Family Law & COVID-19: How It's Changed & What You Need To Know

April 24, 2020

We are living in unprecedented times. With a rise in Family Law and domestic violence cases as our out of home movements and activities become more restricted and strain on our mental and economic well-being increases, understanding the changes being made in Australia to support those most vulnerable is vital.

 

Whether it be issues about who the children spend time with and when, divorce, property division or domestic violence, these are all stressful situations and whether there are lockdown laws or not, these issues continue to need resolution. However, the current lockdown laws could be contributing to the silencing of those most vulnerable and be opening up dangerous opportunities for offenders. In response to this, there have been multiple adjustments made to both the Family Law system to enable Court proceedings to continue virtually and to Apprehended Domestic Violence Orders (ADVO).

 

The following article will cover changes to Family Law and domestic violence proceedings in response to COVID-19 restrictions. Providing you with the information you need to know.

 

 

 

Do I have to stick with my current orders?

 

Regardless of social distancing rules, it is still expected that parents and carers adhere to Court orders relating to their parenting arrangements and time facilitation.

However, while handovers and strict compliance to court orders may be strained during this time, as anxiety and genuine concerns may arise, the expectation is to facilitate the spirit of the orders and maintain time spent with each parent in the usual way.  If alternate arrangements are needed, they will need to be agreed upon and put into writing. Any changes ought to remain practical, sensible, reasonable and in the best interest of the child and concerns of the other party; as all agreements always should be.

 

What if we can’t agree?

 

If practical and compliant agreements cannot be met, causing parental concern, Courts can still be approached electronically during this time. In the interim though, parties must ensure that the purpose or spirit of the orders is respected when considering alternative arrangements.

 

The courts are still open and operating; however, the parameters of their operation have changed considerably. Excluding the Judge and Court staff, courtrooms now have a maximum limit of eight people to respect social distancing rules and minimise the spread of the virus. Also, directions hearings, mentions, property lists, contravention lists and sole divorce applications where the children involved are under the age of 18 now only require attendance via telephone or by an audiovisual link-up system with the parties appearing from their own homes for the foreseeable future.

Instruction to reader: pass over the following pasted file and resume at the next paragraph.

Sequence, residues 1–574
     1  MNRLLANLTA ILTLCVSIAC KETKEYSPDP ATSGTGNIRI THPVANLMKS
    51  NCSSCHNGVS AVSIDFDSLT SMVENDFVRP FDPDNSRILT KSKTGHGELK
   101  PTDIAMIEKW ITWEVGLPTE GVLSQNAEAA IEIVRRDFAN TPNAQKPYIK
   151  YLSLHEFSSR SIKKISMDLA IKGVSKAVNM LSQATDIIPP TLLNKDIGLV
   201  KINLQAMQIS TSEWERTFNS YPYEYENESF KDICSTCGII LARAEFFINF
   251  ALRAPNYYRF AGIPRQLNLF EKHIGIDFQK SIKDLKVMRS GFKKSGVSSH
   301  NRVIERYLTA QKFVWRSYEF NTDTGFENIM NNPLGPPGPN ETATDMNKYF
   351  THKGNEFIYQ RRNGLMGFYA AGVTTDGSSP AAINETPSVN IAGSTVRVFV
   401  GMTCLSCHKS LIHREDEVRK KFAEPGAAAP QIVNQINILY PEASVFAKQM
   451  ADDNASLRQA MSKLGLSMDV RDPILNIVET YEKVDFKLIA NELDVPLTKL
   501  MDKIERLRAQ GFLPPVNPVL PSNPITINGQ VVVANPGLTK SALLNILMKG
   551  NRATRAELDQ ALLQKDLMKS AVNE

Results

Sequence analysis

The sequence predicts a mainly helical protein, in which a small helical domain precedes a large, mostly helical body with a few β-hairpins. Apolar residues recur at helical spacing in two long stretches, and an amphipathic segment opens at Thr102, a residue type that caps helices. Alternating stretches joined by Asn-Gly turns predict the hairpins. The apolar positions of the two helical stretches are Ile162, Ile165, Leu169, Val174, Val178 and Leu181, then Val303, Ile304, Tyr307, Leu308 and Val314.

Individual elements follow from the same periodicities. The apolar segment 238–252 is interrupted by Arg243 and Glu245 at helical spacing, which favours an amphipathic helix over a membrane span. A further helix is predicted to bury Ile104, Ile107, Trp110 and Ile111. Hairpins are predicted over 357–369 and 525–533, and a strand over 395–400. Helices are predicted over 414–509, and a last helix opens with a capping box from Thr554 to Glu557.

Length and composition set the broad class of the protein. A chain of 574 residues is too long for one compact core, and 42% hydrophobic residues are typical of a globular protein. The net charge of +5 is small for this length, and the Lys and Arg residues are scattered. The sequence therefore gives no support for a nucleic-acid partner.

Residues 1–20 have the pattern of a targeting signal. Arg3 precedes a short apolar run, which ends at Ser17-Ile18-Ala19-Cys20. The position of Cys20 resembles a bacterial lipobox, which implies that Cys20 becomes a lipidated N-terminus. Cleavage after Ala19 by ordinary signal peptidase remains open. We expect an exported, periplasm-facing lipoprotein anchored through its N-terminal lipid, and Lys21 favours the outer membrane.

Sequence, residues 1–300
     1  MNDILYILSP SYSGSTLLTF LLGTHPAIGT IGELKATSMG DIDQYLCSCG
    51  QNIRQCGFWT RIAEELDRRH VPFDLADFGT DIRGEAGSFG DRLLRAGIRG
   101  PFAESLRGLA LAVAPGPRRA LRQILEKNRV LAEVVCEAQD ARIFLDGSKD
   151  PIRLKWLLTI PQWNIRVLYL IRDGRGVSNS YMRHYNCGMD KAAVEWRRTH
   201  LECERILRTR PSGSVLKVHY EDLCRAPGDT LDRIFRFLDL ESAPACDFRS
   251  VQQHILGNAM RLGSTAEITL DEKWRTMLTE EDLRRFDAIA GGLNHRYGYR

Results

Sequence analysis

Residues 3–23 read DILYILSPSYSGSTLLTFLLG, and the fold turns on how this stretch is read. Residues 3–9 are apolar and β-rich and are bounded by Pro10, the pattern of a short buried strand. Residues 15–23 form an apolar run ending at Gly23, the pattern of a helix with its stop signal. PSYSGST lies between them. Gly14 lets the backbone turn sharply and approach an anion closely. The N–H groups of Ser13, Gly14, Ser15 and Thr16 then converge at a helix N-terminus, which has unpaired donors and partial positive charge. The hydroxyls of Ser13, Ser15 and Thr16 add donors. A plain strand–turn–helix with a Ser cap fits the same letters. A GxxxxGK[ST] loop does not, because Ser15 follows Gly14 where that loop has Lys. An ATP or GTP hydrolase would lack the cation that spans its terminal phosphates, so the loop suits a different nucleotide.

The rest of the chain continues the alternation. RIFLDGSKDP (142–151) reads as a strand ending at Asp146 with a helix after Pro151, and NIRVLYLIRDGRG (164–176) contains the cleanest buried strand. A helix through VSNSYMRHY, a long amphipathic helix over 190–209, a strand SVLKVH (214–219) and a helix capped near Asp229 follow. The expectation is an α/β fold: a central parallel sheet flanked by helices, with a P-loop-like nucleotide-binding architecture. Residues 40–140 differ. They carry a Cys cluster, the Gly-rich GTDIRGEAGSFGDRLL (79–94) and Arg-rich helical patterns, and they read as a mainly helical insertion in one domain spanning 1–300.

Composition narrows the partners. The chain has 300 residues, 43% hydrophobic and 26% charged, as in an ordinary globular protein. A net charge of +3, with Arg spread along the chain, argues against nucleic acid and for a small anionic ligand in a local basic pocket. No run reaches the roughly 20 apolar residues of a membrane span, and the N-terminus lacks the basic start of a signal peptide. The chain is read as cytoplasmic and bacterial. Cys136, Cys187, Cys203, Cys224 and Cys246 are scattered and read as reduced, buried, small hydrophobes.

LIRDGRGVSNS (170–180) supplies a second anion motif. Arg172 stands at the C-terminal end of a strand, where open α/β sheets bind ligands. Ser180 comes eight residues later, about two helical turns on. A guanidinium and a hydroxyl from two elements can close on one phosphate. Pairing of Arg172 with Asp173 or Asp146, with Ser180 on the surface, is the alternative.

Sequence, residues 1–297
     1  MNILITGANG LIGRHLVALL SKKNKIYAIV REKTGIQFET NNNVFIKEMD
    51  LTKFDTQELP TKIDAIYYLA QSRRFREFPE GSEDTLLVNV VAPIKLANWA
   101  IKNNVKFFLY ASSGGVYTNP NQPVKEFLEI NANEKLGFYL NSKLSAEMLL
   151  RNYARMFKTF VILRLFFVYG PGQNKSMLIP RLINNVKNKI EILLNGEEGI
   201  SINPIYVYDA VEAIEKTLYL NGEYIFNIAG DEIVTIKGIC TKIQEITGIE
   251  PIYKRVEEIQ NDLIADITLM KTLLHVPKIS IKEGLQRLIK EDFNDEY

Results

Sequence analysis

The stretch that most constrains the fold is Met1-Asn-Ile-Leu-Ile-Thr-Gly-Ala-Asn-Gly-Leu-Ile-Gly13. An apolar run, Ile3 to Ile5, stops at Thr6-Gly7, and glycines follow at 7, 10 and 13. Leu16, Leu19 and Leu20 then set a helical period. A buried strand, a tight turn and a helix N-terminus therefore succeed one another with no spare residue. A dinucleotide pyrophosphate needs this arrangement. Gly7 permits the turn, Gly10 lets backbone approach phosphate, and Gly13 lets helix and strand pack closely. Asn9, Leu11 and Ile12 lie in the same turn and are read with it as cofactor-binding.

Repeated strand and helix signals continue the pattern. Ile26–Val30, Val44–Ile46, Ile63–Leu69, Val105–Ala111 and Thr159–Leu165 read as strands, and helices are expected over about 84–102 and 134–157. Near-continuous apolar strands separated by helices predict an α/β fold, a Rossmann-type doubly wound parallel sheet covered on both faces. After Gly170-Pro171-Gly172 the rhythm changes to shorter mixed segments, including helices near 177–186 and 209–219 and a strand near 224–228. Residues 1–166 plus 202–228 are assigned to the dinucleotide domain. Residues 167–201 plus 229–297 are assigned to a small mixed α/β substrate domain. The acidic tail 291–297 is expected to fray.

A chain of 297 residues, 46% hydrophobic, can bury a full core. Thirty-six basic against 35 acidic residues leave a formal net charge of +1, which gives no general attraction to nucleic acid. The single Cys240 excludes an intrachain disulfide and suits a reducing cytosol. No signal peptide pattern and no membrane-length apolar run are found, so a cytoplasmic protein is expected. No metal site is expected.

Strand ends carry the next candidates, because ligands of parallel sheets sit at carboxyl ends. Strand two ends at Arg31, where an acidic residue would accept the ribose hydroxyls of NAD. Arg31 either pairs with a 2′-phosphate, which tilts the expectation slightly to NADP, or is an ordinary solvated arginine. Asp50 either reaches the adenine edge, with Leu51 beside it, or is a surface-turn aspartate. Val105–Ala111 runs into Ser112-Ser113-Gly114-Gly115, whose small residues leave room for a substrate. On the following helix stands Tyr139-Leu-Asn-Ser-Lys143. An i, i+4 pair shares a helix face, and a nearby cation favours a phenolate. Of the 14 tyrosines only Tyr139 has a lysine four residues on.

All of the following proceedings will now be conducted via telephone or video communications:

·  Conciliation conferences

·  Case Assessment Conferences

·  Child Dispute Conferences

·  Child Inclusive Conferences

·  Child Responsive Programs

·  Alternative dispute resolution events; and

·  Family report interviews

 

Domestic Violence ADVO Adjustments:

 

With those who may be experiencing domestic violence now being restricted to their homes for long periods of time, the expectation that these cases are rising is prominent.

 

In response to this expectation, provisional Apprehended Domestic Violence Orders (ADVOs) made out by Senior Police will now stay in place for up to six months from the date the order was made.

Along with this extension, from April 1st 2020, ADVO court hearings have also been changed.

 

Any ADVO hearings that were listed on or before May 1st 2020 will now not proceed, and no new hearings will be listed either. Furthermore, the criminal charge and criminal ADVO will be listed on the same court date and will not be within the next three months. Finally, any ADVO's not related to criminal charges will now not be given a court date within the next three months.

 

How Voice Lawyers Can Help With These Issues During This Crisis:

 

Voice Lawyers can offer support and assistance during this overwhelming time by:

●      drafting consent orders or property settlement orders

●      mediating or negotiating disputes

●      documenting updated arrangements.

 

At Voice Lawyers, we have always been set up to be as efficient as possible, which has included using video conferencing to appointments, shared drives to collaborating on documents. Hence, we were already well placed to manage the new restrictions of COVID. All our meetings are now by video conference and electronic ID to verify all new client identity.

 

Voice Lawyers are here to offer time and cost-effective mediation. We provide the support to reduce the strain on the court system during this crisis and enable parties to engage and respond to their matters quickly.

Find out more about Voice Lawyers’ conferencing appointment options here

 

http://portal.voicelawyers.com/

 

Alternatively, you can contact our office via this number (02) 9261 1954.

 

Find Out More Information Here:

 

●      The Family Relationships Advice Line can be contacted on 1800 050 321 or visit the website;

●      If you are in immediate danger 000 or if you are unsure if your relationships I DV 1800 RESPECT

●      The varying of parenting arrangements through parenting orders and consent order applications can be filed electronically with the Court, and does not require a hearing; and

●      Voice Lawyers can assist you with Family Law legal and mediating processes which can be held electronically during COVID-19 restrictions.

 

Contact us for more information on (02) 9261 1954.

 

 

If you are interested in reading about Financial Disclosure in Family Law check out our article here.

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